Monaghan belonged to the Farragut class (named for the first U.S. Navy admiral, David Glasgow Farragut, a Civil War hero credited with the legendary battle cry "Damn the torpedoes! Full speed ahead!"), which were the first modern destroyers built for the U.S. Navy since the end of World War I. A total of eight ships in this class were launched in 1934-35. Designed to carry a crew of 150 men (war-time complements exceeded 200), the vessels were dubbed by sailors as "gold platers" because they were so plush compared with their predecessors. Representing the peak of technology and naval design for their era, these 1,395-ton two-stackers with a flank speed of 37 knots (43 miles per hour) were originally armed with five 5-inch deck guns (two forward, two aft, one amidships), four .50-caliber mounted machine guns, eight torpedo tubes, and a pair of depth-charge tracks.
The last Farragut-class destroyer built, Monaghan was launched on January 9, 1935, in Boston and christened by Mary F. Monaghan, niece of its namesake. Like all destroyers, Monaghan was named for a hero; other ships were named for states (battleships), cities (cruisers), famous ships (aircraft carriers), and fish (submarines). Ensign John R. Monaghan had served aboard the cruiser Philadelphia during a native uprising in Samoa in 1899. Monaghan had joined a landing party assigned to restore order among the natives, and his small band was returning to the ship when they were ambushed, during which a lieutenant was badly wounded. Despite the lieutenant's order to leave him and save themselves, Monaghan and two sailors stood by their wounded officer, fighting until overpowered, killed, and beheaded by the natives.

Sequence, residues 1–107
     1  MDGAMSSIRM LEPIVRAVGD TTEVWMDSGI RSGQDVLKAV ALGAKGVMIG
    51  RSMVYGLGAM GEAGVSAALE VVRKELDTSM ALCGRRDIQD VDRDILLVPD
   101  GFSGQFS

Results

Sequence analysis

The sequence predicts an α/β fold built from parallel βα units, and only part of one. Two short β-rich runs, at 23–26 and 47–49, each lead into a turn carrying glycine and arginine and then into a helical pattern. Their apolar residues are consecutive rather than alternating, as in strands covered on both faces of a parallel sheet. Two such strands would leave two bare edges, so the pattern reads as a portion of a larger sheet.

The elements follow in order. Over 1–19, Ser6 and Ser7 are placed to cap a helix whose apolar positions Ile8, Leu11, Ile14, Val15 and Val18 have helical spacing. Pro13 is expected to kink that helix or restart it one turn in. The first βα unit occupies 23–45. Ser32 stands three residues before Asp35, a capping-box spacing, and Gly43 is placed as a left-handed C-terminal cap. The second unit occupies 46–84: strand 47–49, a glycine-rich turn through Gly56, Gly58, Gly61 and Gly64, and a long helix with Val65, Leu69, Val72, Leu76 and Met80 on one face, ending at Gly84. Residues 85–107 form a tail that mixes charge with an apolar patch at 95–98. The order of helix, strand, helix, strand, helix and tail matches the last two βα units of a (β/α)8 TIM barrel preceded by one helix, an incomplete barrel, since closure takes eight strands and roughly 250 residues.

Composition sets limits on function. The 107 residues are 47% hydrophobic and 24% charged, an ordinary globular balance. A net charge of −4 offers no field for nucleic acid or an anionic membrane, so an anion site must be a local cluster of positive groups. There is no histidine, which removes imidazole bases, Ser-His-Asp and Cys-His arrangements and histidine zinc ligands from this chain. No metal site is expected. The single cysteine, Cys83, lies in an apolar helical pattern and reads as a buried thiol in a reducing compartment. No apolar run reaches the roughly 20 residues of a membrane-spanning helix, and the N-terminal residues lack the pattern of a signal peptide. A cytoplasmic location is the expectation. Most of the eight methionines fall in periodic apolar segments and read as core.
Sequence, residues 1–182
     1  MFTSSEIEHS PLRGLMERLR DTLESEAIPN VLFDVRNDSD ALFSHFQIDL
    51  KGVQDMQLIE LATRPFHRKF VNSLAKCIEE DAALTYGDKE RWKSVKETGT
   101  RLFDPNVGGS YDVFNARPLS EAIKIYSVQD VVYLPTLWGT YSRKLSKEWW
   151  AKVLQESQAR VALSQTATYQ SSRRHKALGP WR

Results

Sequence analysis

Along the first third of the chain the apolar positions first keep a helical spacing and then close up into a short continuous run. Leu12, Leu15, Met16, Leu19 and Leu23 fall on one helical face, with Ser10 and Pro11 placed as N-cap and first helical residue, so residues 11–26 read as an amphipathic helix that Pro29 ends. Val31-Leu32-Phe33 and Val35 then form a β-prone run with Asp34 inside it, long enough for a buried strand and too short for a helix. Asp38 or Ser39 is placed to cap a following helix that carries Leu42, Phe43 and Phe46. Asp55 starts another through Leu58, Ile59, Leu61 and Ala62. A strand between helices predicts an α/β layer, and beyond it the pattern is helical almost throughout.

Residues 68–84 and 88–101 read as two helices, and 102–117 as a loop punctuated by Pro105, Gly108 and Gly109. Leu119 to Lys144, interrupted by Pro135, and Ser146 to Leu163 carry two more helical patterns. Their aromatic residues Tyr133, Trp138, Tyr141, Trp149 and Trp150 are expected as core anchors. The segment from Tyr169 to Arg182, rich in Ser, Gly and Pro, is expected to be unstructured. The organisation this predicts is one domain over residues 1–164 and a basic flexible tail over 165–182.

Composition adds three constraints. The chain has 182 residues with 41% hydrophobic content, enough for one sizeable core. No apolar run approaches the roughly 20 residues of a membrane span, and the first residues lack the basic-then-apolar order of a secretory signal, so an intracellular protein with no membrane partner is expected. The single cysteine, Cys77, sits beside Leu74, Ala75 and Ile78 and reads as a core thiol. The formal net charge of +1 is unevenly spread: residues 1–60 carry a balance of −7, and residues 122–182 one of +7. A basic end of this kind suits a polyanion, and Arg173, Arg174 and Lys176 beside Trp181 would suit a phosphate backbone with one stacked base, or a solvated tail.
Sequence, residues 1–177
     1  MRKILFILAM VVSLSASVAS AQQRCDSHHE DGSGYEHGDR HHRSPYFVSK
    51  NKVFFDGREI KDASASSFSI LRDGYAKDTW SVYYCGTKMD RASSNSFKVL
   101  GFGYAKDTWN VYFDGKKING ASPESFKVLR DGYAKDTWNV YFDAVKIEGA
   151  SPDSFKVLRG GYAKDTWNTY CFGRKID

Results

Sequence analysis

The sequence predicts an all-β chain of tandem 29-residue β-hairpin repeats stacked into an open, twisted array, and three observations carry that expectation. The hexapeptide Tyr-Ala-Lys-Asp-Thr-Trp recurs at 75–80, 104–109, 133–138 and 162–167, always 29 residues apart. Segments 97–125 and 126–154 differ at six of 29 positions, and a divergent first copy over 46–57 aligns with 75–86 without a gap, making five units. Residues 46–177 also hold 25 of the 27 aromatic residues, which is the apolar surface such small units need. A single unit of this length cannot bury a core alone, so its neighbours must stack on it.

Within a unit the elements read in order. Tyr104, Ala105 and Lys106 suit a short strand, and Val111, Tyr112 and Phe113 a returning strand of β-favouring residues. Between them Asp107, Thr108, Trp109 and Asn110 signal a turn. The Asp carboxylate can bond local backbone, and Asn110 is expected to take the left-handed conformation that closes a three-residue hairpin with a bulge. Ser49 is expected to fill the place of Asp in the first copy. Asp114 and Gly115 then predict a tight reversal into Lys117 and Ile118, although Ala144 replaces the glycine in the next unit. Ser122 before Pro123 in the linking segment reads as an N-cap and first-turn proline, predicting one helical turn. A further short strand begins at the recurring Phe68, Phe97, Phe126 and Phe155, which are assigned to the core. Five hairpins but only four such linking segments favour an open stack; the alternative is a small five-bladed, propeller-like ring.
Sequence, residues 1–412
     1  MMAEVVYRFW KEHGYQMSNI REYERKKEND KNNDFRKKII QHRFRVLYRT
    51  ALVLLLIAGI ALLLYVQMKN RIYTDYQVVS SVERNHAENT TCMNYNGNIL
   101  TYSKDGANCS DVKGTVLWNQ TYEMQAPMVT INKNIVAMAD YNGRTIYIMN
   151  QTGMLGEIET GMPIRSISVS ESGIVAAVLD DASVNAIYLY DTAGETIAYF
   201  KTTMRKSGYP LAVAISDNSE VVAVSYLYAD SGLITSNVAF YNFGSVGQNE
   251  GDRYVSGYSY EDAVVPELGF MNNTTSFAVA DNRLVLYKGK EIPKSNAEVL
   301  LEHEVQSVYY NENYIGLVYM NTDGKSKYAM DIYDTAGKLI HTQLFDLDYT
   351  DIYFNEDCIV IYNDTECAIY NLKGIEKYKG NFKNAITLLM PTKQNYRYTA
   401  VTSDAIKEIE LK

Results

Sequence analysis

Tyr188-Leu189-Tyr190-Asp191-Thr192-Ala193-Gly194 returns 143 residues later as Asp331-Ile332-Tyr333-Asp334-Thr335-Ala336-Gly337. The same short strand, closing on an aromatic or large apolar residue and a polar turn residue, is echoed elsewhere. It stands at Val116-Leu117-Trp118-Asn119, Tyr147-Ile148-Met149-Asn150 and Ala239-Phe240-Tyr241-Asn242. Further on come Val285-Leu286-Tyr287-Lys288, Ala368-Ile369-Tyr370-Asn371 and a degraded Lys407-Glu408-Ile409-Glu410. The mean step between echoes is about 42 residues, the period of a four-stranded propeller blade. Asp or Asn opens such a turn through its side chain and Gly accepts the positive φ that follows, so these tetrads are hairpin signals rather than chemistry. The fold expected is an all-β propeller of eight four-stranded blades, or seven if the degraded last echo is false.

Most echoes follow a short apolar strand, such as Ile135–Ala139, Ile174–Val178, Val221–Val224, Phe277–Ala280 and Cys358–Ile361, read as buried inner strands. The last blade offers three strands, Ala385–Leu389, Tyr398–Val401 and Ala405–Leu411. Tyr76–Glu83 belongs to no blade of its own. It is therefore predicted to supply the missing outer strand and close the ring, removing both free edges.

Assigned to patrol duties outside Pearl Harbor that morning was the destroyer Ward (DD-139), "an old World War I vintage" vessel that could barely make 30 knots. The old ship had a new skipper, Lieutenant William W. Outerbridge, who had taken over this, his first sea command, two days earlier. Since the issuance of a war warning from Washington, D.C., in late November, the ships on offshore patrol were under orders to depth-charge any suspicious submarine contacts operating in the defensive sea area outside the harbor.